One in four journalists taking part in a survey about how much they get paid earn less than £20k a year.
More than 300 journalists have so far taken part in the UKjournopay new study: How are journalists being rewarded? which is being carried out by Francois Nel, director of the journalism leaders programme at the University of Central Lancashire in Preston.
Francois designed the survey after South Yorkshire Times editor Jim Oldfield, who is currently on strike in a protest over job cuts, revealed that he is paid just £25,500 despite 37 years’ experience in journalism on both national and local titles.
Through the study journalists are being asked to reveal their full-time equivalent salary. Initial findings have found the scale ranged from £5,000 to a massive £90,000 per year. The low figures are thought to account for freelancers but official numbers for these will not be correlated until the survey is complete.
Almost half of those taking part earn between 20k and 30k, with a quarter of the respondents earning more than £30K. Amongst these are 15 people who earn £50K or more, four of whom earn more than £90k.
24pc of the respondents said they earned less than £20k per year though many of those have less than three years’ experience.
Francois, who called the outcome so far ‘very interesting’, said: “There’s a lot of talk about imbalance between the supply and the demand for the skills that professional journalists offer.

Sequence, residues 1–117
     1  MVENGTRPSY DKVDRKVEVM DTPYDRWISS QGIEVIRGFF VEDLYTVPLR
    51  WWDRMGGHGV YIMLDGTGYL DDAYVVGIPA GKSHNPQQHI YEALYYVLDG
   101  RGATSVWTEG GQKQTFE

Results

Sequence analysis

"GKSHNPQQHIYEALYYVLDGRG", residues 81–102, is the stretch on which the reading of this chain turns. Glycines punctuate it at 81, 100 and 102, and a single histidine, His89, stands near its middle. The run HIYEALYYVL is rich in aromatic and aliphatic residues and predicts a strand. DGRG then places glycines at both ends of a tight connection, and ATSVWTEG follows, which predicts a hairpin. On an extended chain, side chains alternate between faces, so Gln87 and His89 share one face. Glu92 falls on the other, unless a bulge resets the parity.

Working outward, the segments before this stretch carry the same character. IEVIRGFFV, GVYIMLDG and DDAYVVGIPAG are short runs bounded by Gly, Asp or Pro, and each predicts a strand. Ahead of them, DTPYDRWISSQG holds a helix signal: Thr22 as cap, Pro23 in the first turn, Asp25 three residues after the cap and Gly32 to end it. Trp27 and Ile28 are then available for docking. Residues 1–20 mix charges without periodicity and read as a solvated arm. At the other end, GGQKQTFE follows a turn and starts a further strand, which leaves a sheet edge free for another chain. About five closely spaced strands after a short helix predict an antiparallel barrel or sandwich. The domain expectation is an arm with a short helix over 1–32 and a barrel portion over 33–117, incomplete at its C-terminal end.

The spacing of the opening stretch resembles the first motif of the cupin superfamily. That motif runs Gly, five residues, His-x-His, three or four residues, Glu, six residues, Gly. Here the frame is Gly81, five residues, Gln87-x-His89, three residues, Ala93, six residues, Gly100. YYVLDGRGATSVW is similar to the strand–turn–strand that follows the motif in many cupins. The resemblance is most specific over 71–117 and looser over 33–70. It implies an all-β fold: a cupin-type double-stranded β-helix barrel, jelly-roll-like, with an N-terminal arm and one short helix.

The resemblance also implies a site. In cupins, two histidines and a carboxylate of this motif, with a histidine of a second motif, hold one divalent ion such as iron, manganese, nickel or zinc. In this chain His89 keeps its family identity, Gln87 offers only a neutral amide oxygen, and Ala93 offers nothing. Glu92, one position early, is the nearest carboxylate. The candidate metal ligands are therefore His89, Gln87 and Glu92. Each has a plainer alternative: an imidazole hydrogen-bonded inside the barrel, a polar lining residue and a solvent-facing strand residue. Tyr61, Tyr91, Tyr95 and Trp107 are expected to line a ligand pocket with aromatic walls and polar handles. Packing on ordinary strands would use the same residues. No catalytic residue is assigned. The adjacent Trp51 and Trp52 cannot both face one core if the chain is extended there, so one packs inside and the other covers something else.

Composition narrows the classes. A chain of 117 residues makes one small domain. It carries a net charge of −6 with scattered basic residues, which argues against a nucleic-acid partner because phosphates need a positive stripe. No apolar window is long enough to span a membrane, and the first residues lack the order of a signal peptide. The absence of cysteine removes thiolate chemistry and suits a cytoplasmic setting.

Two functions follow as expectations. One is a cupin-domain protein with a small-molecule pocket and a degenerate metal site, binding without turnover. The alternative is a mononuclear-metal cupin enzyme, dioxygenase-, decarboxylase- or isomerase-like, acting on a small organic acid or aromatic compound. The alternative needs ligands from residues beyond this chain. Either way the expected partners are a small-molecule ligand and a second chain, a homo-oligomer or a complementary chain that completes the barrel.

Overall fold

“And with that in mind, this study seeks to find out just what the current market price actually is. The enthusiastic response to the survey we’ve had so far suggests that I’m not alone in wanting to find that out.”
The majority of those taking the survey work for regional weekly and daily newspapers. Other respondents work for B2B magazines, web based news sites, national newspapers and consumer magazines.
The largest group of respondents, 46.4pc, came from newspaper reporters. Editors and sub-editors were the next top two respondents at 13.1pc and 12.4pc.
Francois continued: “Given that there are an estimated 40,000 journalists in the UK, we still need at least 120 more respondents for us to have reasonable confidence in the findings.”
Anyone wanting to take part in the survey has until the end of August. The results will form part of research being carried out at the School of Journalism, Media and Communication at the university.
All respondents also have the option of receiving a report on the findings of the study.